Directory of Open Access Journals (Sweden)

    Ahmadreza Baghaie

    2017-02-01

    Full Text Available Estimating the displacements of intensity patterns between sequential frames is a very well-studied problem, which is usually referred to as optical flow estimation. The first assumption among many of the methods in the field is the brightness constancy during movements of pixels between frames. This assumption is proven to be not true in general, and therefore, the use of photometric invariant constraints has been studied in the past. One other solution can be sought by use of structural descriptors rather than pixels for estimating the optical flow. Unlike sparse feature detection/description techniques and since the problem of optical flow estimation tries to find a dense flow field, a dense structural representation of individual pixels and their neighbors is computed and then used for matching and optical flow estimation. Here, a comparative study is carried out by extending the framework of SIFT-flow to include more dense descriptors, and comprehensive comparisons are given. Overall, the work can be considered as a baseline for stimulating more interest in the use of dense descriptors for optical flow estimation.

  2. Active and Nonlinear Microrheology of Dense Colloidal Suspensions

    OpenAIRE

    Harrer, Christian Josef

    2013-01-01

    In this work, we have investigated active and nonlinear microrheology of dense colloidal suspensions, i.e., the forced motion of a singled-out tracer particle by an external force, both in the framework of MCT and via event-driven Brownian Dynamics simulations.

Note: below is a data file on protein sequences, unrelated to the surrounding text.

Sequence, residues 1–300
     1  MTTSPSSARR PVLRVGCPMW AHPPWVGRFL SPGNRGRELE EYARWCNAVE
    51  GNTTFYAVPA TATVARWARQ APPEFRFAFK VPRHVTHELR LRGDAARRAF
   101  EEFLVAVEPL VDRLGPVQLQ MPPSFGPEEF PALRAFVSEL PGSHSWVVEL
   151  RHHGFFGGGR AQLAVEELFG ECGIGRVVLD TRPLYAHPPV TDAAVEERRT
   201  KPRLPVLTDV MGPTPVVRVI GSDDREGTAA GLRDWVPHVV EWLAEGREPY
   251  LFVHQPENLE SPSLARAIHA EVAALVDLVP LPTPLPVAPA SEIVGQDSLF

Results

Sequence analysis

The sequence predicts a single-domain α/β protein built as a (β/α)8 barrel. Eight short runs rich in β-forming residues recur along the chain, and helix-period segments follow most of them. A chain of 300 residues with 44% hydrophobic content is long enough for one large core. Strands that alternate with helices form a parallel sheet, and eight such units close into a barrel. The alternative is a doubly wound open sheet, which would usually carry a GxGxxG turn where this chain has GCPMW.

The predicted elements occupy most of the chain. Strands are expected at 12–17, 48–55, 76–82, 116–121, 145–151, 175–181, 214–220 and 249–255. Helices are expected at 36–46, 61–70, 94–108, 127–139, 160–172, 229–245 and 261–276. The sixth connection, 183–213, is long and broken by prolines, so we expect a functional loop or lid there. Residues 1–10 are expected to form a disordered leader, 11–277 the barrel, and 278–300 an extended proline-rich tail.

3. Ranks of dense alternating sign matrices and their sign patterns

    Czech Academy of Sciences Publication Activity Database

    Fiedler, Miroslav; Gao, W.; Hall, F.J.; Jing, G.; Li, Z.; Stroev, M.

    2015-01-01

    Roč. 471, April (2015), s. 109-121 ISSN 0024-3795 R&D Projects: GA ČR(CZ) GA14-07880S Institutional support: RVO:67985840 Keywords : alternating sign matrix * dense matrix * sign pattern matrix Subject RIV: BA - General Mathematics Impact factor: 0.965, year: 2015 http://www.sciencedirect.com/science/article/pii/S0024379515000257

  4. Light localization in cold and dense atomic ensemble

    International Nuclear Information System (INIS)

    Sokolov, Igor

    2017-01-01

    We report on results of theoretical analysis of possibilities of light strong (Anderson) localization in a cold atomic ensemble. We predict appearance of localization in dense atomic systems in strong magnetic field. We prove that in absence of the field the light localization is impossible. (paper)

  5. Energy Flow in Dense Off-Equilibrium Plasma

    Science.gov (United States)

    2016-07-15

    brings the electron density and light emission into LTE at the measured spectral temperature while leaving the ions cold. Because of their large mass... measurements of ionization potential lowering and collision times indense plasmas, allowing us to distinguish between competing dense-plasma models...Hydrodynamic analysis of shockwaves generated by sparks yielded similar measurements ina different, more accessible system. Ultra-fast observations

  6. Deterministic dense coding and faithful teleportation with multipartite graph states

    International Nuclear Information System (INIS)

    Huang, C.-Y.; Yu, I-C.; Lin, F.-L.; Hsu, L.-Y.

    2009-01-01

    We propose schemes to perform the deterministic dense coding and faithful teleportation with multipartite graph states. We also find the sufficient and necessary condition of a viable graph state for the proposed schemes. That is, for the associated graph, the reduced adjacency matrix of the Tanner-type subgraph between senders and receivers should be invertible.